Sunday Homilies


Twelfth Sunday of Ordinary Time

Gospel: Matthew 10: 26-33

This past Wednesday, June 21st, was the official beginning of Summer and sometimes called the longest day of the year.  The day had twenty-four hours like every other day, but what makes it long is that it was the day on which those of us in the Northern hemisphere experienced the longest period of daylight.  As the days and weeks led up to the solstice it was noticeable how early the sun rose each morning and how late we had sunlight into the evening.  On the other side of the solstice the amount of sunlight will slowly decrease.  These are times when we enjoy a lot of daylight for our work or leisure.  Most people prefer the light to darkness, the long days of Summer to the short days of Winter.

In the Gospel for this weekend Jesus uses the image of darkness and light to make his point that in the presence of God everything will come to light.  Those who live in darkness and work to destroy the message of Christ will be, in the end, disappointed. The person who walks in the light of Christ, even if the evil hidden in darkness attacks and destroys the body, the soul will live on.  For the person who is of the light has a soul sanctified and fortified by Christ himself.  In the book of Revelation the heavenly Jerusalem is described as a “city that has no need of the sun or moon, for the glory of God gave it light.” Rev. 21,23  How is it possible for one to have such a personal presence of God and His protection in our lives?  It is possible and it is a reality because of God’s personal love for us.  In Psalm 139 we have the beautiful verse that tells us, “You formed my inmost being; you knit me in my mother’s womb.”  God is with at our creation, for God is our creator.  He knows us better than we know ourselves.  We are more precious to him than all his other creations to the point in which the hairs on our head are counted.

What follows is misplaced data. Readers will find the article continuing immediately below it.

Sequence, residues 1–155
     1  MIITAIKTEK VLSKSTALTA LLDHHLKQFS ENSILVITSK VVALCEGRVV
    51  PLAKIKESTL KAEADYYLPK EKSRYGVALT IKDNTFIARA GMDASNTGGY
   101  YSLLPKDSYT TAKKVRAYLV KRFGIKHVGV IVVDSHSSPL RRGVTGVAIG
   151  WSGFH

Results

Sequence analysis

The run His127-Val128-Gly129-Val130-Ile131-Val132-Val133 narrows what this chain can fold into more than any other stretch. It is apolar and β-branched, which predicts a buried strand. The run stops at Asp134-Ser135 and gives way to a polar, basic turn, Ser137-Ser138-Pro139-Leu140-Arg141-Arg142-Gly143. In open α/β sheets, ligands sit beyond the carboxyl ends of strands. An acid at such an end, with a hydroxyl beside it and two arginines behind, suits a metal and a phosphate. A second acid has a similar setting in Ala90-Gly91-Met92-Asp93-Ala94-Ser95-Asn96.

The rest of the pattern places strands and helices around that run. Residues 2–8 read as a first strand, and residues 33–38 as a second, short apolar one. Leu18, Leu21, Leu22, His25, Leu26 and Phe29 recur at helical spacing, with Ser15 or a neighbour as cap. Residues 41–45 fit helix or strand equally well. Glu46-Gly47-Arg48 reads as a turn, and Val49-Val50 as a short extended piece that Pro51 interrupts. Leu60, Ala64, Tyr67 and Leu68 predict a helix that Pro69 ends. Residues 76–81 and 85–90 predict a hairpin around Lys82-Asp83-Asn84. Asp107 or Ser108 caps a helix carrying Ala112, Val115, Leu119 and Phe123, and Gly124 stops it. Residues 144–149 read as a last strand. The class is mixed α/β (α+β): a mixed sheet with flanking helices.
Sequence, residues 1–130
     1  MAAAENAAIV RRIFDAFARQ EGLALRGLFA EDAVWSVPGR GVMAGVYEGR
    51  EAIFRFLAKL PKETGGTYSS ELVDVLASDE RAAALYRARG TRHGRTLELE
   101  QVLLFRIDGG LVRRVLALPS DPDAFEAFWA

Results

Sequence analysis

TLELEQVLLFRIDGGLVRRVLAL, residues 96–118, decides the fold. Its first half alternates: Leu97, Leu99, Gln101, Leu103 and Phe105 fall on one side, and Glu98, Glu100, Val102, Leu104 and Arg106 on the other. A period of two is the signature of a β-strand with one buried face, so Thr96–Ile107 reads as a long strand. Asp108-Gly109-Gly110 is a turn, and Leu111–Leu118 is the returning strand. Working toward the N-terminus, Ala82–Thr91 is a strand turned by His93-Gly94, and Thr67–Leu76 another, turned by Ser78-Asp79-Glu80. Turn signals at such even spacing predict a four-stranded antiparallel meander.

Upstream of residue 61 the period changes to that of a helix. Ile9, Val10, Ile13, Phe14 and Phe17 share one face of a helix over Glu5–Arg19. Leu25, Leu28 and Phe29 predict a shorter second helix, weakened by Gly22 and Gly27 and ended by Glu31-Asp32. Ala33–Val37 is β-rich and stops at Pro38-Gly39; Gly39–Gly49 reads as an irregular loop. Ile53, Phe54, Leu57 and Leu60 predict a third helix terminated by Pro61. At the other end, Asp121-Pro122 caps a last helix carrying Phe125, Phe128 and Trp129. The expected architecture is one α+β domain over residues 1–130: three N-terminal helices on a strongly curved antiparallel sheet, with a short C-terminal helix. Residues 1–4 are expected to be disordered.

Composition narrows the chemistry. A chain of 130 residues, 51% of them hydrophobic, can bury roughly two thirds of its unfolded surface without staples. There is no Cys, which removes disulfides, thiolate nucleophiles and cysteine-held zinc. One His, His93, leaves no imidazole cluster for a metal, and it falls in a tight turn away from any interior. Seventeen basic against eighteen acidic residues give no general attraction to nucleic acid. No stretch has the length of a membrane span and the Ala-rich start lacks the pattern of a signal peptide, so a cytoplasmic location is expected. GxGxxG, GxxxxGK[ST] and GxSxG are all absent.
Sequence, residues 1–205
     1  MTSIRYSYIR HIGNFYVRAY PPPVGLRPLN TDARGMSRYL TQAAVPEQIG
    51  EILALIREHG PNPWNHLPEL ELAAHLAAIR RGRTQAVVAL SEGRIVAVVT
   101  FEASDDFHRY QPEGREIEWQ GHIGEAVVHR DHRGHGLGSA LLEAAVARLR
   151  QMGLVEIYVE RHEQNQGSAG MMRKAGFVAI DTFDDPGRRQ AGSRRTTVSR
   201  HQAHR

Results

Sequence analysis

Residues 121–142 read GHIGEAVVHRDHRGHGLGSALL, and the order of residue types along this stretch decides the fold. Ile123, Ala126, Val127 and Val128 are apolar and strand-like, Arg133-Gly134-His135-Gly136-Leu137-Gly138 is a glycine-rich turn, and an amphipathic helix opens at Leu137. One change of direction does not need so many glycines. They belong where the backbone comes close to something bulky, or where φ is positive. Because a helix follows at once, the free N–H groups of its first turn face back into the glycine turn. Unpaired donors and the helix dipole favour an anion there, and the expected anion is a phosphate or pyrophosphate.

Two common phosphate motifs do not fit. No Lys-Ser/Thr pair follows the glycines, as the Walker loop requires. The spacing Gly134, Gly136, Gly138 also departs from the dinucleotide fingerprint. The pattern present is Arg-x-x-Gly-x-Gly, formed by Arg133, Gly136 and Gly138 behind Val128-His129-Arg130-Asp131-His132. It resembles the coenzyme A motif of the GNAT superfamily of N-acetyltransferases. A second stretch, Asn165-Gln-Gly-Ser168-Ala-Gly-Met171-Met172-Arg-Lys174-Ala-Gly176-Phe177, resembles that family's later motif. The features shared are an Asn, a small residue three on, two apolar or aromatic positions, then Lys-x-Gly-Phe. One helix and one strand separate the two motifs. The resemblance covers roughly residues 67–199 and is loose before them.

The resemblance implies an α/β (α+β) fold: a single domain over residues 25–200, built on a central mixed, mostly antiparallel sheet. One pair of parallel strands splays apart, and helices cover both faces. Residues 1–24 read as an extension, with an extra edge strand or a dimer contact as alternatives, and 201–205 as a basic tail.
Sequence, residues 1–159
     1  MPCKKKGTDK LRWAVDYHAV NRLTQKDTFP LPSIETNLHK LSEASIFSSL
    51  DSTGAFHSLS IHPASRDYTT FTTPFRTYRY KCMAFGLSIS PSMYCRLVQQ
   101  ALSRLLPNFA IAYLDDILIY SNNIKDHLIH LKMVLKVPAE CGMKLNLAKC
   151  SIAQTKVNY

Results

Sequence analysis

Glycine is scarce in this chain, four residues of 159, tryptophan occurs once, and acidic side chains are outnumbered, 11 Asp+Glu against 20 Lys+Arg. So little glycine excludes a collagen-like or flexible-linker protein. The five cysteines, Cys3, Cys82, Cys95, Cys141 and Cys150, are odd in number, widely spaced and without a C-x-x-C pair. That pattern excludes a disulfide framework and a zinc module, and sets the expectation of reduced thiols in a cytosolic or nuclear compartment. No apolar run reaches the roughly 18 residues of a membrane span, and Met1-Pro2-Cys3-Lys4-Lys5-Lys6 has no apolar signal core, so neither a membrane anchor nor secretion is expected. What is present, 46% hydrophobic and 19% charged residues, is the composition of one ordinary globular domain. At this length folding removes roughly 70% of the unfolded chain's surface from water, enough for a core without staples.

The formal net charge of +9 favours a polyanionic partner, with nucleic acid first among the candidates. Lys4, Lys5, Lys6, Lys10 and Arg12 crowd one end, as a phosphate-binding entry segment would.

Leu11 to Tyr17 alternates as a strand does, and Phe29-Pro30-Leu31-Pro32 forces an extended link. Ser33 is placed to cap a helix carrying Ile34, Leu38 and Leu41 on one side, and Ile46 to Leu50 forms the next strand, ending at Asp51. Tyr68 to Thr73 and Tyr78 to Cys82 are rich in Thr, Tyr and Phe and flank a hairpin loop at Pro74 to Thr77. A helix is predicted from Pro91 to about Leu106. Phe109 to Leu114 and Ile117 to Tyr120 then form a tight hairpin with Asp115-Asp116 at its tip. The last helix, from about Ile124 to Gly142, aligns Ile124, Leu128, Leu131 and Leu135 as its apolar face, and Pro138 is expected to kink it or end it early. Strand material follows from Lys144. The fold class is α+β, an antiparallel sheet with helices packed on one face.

God is involved in our lives from the very beginning and continuously pours out his love into our lives.  His presence is a light that outshines any darkness, and when it reveals the darkness of sin, Jesus responds with mercy and forgiveness.  Ultimately it is a love and relationship that calls us to him in eternal life.  However, as great as God’s love is it does not force us to receive his love or to love him in return.  A constant in our relationship with God is the free will given to us so that we make the decision to accept God or not to accept him.  In accepting God into our lives we open ourselves to receive all that comes with His presence; the light that overcomes any darkness in our lives, the peace that surpasses anxiety and fear, and ultimately his Sacramental Presence that nourishes us on our journey to eternal life.

The Lord cares for us in ways that are difficulty for us to comprehend.  How can he have every hair on our head counted?  Which I see as a way of saying he knows every cell of our bodies, he knows every thought that enters our minds, and he knows all the emotions that flow through our hearts.  God’s knowledge of us is not merely information that God can use against us, it is the intimate understanding of our bodies, minds and hearts that he can respond to in ways that invite us to open our hearts more to him. May we give God permission to draw closer to us and help us live peacefully in his light.

Father Killian Loch, O.S.B.